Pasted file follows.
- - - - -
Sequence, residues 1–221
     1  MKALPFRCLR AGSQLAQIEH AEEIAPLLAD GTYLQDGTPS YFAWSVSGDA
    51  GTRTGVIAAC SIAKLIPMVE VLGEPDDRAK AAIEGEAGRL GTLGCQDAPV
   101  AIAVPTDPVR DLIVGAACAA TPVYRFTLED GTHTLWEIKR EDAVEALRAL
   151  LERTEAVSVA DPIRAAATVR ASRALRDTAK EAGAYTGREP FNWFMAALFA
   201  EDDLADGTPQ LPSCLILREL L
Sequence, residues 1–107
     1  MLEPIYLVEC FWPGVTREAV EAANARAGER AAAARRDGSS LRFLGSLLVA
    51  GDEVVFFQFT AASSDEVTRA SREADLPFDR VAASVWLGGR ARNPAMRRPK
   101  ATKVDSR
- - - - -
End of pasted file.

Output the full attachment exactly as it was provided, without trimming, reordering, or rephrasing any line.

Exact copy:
Sequence, residues 1–221
     1  MKALPFRCLR AGSQLAQIEH AEEIAPLLAD GTYLQDGTPS YFAWSVSGDA
    51  GTRTGVIAAC SIAKLIPMVE VLGEPDDRAK AAIEGEAGRL GTLGCQDAPV
   101  AIAVPTDPVR DLIVGAACAA TPVYRFTLED GTHTLWEIKR EDAVEALRAL
   151  LERTEAVSVA DPIRAAATVR ASRALRDTAK EAGAYTGREP FNWFMAALFA
   201  EDDLADGTPQ LPSCLILREL L
Sequence, residues 1–107
     1  MLEPIYLVEC FWPGVTREAV EAANARAGER AAAARRDGSS LRFLGSLLVA
    51  GDEVVFFQFT AASSDEVTRA SREADLPFDR VAASVWLGGR ARNPAMRRPK
   101  ATKVDSR